Budget 2016 announced changes to the taxation of termination payments, following a consultation launched in summer 2015. The government noted that “certain forms of termination payments are exempt from employee and employer national insurance contributions (NICs) and the first £30,000 is income tax free”.
It added: “The rules are complex and the exemptions incentivise employers to manipulate the rules, structuring arrangements to include payments that are ordinarily taxable such as notice and bonuses to minimise the tax and NICs due.” From April 2018, the government would “tighten the scope of the exemption to prevent manipulation and align the rules so employer NICs are due on those payments above £30,000 that are already subject to income tax”.
The government said it would “continue to support those individuals who lose their job”. The first £30,000 would remain exempt from income tax and the full payment would be outside the scope of employee NICs.
A note of the outcome of this consultation was posted on 10 August, and a second consultation inviting comments by 5 October includes draft income tax legislation for Finance Bill 2017. Draft NICs legislation is expected in autumn 2016.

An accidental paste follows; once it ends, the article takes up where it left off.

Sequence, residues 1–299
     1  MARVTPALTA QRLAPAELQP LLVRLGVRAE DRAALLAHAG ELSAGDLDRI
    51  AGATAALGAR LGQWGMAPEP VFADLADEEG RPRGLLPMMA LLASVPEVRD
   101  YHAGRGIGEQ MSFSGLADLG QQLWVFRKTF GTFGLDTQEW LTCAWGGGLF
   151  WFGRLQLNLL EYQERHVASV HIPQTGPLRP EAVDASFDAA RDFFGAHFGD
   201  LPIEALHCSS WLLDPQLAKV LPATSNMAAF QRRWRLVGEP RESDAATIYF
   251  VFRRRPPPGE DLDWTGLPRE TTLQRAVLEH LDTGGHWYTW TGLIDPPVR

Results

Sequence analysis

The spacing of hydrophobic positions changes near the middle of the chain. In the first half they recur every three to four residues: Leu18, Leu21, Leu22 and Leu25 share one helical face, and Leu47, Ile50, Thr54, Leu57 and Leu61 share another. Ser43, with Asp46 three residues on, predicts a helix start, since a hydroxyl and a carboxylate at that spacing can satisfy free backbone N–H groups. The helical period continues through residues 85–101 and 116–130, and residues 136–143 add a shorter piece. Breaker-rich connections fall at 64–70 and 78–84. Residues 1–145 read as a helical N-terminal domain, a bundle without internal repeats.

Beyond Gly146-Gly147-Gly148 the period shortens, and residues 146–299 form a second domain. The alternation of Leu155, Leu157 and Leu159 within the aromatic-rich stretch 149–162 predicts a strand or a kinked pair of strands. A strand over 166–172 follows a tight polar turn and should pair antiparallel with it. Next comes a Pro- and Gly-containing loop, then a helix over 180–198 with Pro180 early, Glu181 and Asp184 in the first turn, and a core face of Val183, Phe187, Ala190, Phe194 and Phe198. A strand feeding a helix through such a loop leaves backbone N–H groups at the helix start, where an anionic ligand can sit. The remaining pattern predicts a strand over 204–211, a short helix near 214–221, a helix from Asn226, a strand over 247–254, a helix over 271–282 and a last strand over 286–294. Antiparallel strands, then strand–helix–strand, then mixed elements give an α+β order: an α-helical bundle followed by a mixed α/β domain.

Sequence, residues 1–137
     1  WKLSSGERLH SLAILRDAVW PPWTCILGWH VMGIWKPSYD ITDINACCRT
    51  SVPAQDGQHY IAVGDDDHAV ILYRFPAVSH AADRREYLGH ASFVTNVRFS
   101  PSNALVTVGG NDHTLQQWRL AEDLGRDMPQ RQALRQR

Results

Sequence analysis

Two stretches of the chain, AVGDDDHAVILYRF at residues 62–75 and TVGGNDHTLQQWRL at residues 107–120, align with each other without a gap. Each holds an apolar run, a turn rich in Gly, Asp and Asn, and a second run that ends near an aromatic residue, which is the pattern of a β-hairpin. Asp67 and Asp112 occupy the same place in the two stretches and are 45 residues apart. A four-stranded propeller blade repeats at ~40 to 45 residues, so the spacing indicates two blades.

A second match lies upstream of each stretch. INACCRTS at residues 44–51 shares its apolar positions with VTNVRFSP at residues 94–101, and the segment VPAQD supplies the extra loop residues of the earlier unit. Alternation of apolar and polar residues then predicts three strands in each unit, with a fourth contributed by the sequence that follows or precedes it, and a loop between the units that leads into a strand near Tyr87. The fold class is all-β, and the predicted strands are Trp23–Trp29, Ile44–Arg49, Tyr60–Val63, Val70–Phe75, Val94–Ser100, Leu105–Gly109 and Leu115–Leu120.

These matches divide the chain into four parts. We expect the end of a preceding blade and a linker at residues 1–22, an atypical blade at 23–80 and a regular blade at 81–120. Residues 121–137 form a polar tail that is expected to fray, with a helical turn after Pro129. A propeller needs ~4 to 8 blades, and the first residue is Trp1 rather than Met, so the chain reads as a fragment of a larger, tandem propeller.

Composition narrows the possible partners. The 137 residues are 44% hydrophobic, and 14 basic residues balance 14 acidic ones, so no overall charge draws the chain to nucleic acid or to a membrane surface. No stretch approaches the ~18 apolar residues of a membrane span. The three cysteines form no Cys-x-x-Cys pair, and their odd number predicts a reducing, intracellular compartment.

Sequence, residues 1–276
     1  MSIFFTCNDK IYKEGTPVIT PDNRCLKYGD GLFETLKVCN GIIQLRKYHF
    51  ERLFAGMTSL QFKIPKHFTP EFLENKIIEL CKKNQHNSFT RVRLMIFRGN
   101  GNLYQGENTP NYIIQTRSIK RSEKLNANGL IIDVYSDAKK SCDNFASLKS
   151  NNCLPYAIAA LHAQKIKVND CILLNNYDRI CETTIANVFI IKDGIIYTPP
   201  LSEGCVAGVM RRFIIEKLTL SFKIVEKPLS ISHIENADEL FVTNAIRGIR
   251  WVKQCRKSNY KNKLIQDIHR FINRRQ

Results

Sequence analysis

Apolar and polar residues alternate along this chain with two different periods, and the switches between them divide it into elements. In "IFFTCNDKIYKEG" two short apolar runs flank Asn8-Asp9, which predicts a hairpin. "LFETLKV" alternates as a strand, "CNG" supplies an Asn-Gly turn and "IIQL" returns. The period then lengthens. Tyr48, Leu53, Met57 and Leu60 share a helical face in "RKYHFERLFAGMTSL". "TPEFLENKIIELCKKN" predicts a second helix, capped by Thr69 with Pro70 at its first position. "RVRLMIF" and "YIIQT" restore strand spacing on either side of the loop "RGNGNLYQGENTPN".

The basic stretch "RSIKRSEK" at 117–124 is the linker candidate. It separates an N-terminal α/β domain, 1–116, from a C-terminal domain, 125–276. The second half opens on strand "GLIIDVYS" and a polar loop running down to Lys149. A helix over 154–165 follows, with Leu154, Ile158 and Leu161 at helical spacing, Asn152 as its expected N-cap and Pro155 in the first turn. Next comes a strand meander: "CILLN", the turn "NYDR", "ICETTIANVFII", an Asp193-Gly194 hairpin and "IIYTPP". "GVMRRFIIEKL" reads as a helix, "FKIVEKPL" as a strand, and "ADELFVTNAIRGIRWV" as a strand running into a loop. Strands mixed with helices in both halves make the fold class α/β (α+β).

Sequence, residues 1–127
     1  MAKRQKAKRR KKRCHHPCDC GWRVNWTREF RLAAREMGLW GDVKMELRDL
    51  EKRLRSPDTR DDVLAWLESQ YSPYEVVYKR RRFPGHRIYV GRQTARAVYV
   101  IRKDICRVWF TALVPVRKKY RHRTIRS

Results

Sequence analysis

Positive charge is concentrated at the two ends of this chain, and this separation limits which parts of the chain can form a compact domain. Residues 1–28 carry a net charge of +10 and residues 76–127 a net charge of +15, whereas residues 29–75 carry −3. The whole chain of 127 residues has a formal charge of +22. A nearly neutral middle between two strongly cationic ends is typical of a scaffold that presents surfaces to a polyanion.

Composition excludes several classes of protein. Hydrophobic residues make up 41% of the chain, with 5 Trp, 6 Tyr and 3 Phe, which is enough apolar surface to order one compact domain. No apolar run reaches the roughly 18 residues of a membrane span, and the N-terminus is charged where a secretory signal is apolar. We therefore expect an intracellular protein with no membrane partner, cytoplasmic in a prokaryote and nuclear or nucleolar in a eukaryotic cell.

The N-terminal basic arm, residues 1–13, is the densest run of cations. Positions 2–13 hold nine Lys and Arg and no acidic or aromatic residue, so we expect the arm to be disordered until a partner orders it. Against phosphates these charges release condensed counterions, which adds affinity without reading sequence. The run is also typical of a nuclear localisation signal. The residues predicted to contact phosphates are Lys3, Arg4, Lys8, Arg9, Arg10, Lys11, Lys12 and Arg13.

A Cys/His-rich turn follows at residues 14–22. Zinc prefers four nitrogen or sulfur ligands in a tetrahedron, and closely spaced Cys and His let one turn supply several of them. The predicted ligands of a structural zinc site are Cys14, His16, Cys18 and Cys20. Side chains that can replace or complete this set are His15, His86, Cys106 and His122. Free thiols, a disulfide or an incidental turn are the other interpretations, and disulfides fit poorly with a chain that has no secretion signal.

- All payments in lieu of notice will be subject to tax and NICs: “Any payment that covers part of the existing contractual entitlement, including the notice period even if the employee does not work it, will be taxed and subject to class 1 NICs as earnings. Anything that is non-contractual will be the termination payment which will be taxed and subject to employer NICs on any amount that exceeds the £30,000 threshold.”
- Payments above £30,000 will be subject to employer (but not employee) NICs as well as income tax.
- Foreign service relief will be removed: “Today there is a global workforce and this exceptional treatment is no longer justifiable.”
- The exemption for injury will not apply in cases of injured feelings, because of “the divergence of judicial decisions” on this issue: “In order for the exemption to apply (from April 2018) there must be an injury or disability of a physical or psychological nature that is sufficient to cause the employee to be unable to perform his or her job properly.”
- The £30,000 income tax exemption will be retained, and employees will continue to benefit from an unlimited employee NICs exemption, in order to “to minimise the impact on individuals”.
Why does this have to be so complicated? Mainly because income tax and NICs have their own primary and secondary legislation.
The income tax charge on employment income is made under Income Tax (Earnings and Pensions) Act 2003, which defines for this purpose “employment income”, “general earnings” and “specific employment income”. There are special rules for payments and benefits on termination of employment.
Liability to class 1 NICs, however, arises under Social Security Contributions and Benefits Act 1992 when earnings are paid to or for the benefit of an employed earner. “Earnings” and “earner” are defined in that Act.
- found that differences in the rules and procedures between the income tax and NICs systems were “the second highest source of complexity for small businesses”, and
- identified that maintaining two separate systems led to a number of anomalies, “helping to distort business behaviour”.